Let's Get Real About Emotions

Let's Get Real About Emotions

In the past 2.5 months I’ve purchased my first home, moved 1100 miles away from the place I called home for 6 years, quit my job, and immediately went into lock down upon arrival in PA. I don’t need to explain the more recent world events that have occurred, because unless you’ve been living under a rock you’re probably well-versed in everything that’s been going on. Needless to say I’ve been through a lot of emotional states the past 2.5 months of quarantine, and I’m sure I’m not alone.

The first month I was optimistic and extremely productive. The second month I was still riding the waves of optimism about my new life and the potential for my business here, my dreams for what direction I wanted to take it in, planning what I’ll do once we’re out of lockdown. Then June arrived and I was noticeably less enthused. Selfishly, I want to have my hair cut and colored so I can stop layering on temporary color myself. I want to visit yoga studios and learn about their culture so I can see where I may fit in as a teacher here. I want to visit with friends I haven’t seen in 6 months since I was home for Christmas. On Tuesday I woke up feeling sad. I spent more time than I should have or normally do on social media and saw that everyone in Tampa is out resuming their lives while I have no idea when our local lockdown is going to end. I saw friends peacefully protesting for the BLM movement and wished that I could join them. I thought about where I would be professionally if I hadn’t left when I did - probably teaching yoga regularly and resuming business as it was pre-covid. Then I felt the guilt that comes with realizing your own privilege. Here I am wanting trivial luxuries while people are protesting for basic human rights in our own cities! Side note - guilt and shame are the most toxic emotions and do nothing to foster positive change so we do well to transmute them into something productive, even if it’s anger. I did feel angry. And slightly regretful, and confused, and lost, and grateful at the same time.

But when I really got honest with myself I mostly just felt sad.

I don’t experience that often, which I am grateful for, but when I do I’ve learned that in order to move through that sadness I need to let myself experience it completely. The inclination is to shove away unpleasant emotions as quickly as possible so that we don’t have to deal with them. If only that worked! The only way out is through! So I went into my sadness and let it consume me - let it move me to tears many times throughout the day. I thought about keeping it to myself (or my journal) but if we’re truly connected to our inner source, we know that we are a microcosm of the macrocosm; that whatever we are experiencing individually is a reflection of what we are experiencing as a collective. I knew that I need to share this with others.

There was a study done with 200 high school students that surveyed them about their emotional events. Of 27 emotions, sadness was the emotion that lasted the longest. When we start looking into the health effects of sadness, we see that it's the emotion connected to addiction, and when we talk grief (another level of sadness), we begin seeing an association with inflammation.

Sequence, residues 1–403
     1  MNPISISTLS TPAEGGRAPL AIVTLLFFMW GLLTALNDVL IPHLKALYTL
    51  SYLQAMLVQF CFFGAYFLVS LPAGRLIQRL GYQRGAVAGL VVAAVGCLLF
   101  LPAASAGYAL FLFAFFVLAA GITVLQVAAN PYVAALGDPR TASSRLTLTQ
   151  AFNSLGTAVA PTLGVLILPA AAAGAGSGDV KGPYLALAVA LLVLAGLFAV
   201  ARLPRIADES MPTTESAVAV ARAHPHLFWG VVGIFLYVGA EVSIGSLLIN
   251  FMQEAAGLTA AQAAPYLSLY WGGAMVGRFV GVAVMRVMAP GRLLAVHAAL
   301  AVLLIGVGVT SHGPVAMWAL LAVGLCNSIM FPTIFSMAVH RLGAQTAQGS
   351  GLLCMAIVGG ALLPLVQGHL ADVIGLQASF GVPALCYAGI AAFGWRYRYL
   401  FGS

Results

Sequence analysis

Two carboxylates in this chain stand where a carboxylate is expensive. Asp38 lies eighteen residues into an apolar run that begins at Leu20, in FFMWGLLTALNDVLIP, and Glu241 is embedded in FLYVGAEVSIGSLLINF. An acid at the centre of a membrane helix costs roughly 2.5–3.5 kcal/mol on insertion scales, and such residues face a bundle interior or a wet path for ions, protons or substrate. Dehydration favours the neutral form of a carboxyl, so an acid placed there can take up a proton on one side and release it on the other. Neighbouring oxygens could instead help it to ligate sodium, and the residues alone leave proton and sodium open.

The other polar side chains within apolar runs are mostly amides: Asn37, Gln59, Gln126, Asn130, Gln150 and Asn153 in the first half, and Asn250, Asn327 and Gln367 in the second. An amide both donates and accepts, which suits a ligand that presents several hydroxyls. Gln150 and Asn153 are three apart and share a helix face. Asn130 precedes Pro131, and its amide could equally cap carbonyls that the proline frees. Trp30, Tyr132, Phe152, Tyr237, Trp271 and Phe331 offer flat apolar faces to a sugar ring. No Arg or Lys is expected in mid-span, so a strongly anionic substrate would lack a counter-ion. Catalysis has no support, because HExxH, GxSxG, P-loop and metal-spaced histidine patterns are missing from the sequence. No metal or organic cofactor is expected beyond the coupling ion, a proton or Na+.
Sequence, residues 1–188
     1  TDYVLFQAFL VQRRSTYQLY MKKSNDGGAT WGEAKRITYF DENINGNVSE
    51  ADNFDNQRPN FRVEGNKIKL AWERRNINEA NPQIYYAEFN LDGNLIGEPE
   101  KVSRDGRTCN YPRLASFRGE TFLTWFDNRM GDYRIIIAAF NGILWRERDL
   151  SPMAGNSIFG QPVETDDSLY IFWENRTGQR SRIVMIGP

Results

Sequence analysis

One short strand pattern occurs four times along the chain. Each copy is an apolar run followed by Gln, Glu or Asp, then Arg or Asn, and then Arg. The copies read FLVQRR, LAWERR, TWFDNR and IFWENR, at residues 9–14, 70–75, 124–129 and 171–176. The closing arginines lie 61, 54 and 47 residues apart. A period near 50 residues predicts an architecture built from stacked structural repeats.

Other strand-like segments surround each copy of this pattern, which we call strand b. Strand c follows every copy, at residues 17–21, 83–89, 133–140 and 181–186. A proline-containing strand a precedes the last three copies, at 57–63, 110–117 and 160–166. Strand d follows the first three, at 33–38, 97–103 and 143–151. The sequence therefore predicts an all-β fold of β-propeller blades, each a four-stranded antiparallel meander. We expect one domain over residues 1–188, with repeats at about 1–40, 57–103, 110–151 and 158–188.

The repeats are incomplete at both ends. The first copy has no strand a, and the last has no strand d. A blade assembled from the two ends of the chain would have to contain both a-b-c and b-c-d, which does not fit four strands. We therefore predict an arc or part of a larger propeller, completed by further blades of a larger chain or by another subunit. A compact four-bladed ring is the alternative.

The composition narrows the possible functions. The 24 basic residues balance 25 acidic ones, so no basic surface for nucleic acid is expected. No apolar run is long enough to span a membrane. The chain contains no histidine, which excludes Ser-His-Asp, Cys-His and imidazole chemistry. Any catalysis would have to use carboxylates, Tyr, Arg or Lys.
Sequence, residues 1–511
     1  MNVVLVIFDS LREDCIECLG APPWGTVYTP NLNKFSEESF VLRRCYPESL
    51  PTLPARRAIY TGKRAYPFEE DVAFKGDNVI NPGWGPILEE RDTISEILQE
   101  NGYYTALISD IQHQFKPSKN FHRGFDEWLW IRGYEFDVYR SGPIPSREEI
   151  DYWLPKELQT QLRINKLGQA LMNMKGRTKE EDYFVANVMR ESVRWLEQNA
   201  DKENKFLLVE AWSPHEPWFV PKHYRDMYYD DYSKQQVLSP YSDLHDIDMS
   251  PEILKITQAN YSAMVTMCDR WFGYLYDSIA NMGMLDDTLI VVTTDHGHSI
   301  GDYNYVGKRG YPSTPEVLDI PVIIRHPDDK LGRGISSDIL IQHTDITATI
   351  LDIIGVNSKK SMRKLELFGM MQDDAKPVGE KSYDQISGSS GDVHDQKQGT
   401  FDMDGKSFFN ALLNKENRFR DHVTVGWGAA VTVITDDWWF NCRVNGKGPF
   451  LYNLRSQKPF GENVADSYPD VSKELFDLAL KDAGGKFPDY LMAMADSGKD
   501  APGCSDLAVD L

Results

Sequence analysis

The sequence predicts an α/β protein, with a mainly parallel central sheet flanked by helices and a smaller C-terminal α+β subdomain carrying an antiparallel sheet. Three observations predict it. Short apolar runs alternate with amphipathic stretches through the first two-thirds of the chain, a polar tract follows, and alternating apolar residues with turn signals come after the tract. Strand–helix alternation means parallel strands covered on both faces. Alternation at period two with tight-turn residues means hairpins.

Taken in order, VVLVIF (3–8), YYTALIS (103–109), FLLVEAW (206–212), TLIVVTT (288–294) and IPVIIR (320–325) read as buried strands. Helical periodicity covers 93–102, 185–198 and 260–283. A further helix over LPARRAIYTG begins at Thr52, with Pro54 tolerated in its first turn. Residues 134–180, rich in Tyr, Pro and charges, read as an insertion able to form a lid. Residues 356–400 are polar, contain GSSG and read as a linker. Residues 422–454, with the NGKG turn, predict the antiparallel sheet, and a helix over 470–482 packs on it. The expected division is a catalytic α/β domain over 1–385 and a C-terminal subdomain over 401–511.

So if sadness is the longest-lasting emotion and we know that inflammation is the root of countless diseases, what do we do with that information?

Well, we move, sit with, create with, and express that sadness. Every emotion has a purpose. Society doesn't easily condone sadness like other emotions. But we can turn it into stories that can help others, we can witness it, we can move it through out bodies, we can feel it rather than deny it...so many different ways to connect to this powerful emotion.

  1. Journal it or write poems
  2. Paint it
  3. Do physical activity or bodywork to let it move through the body
  4. Talk it out: telling your story helps others and nourishes yourself
  5. Ask for support from friends or professionals
  6. Let it be seen. Grief needs to be witnessed; it’s not weakness
  7. Cry. Crying releases inflammatory cytokines
  8. Sleep or rest when you need it

I talked with friends and my husband, I brought my sadness to my yoga mat and dropped into my body to feel where I was storing the sadness. I cried, and I slept. I woke up yesterday feeling hopeful and lighter, having fully felt the weight of the sadness the day before. I had a few new creative ideas where I had previously felt heaviness and stagnant.

We’re talking about so much these days - immune health, gut health, mental health…its hard to keep up with all of it. I want to check in with you and make sure you’re doing the one thing that has a direct effect on ALL of the other things I just mentioned. I wanted to make sure you are sleeping and sleeping well.

Our diet quality influences our sleep quality. And our sleep quality and duration influence our food choices and cravings during the day. Having one of these things off-track can cause the other to be off-track and before you know it you find yourself in a vicious cycle. I’ve been researching sleep a lot lately and implementing the research into my sessions with clients. If you aren’t sure about your sleep quality then download this sleep log and start to keep track.

I also found this song by Pluto and this song by Lake Street Drive really uplifting this week and maybe you will too!

Take care of each other and take care of yourself. We are moving toward a brighter future together but we will have to sit with a few stormy days before we get there.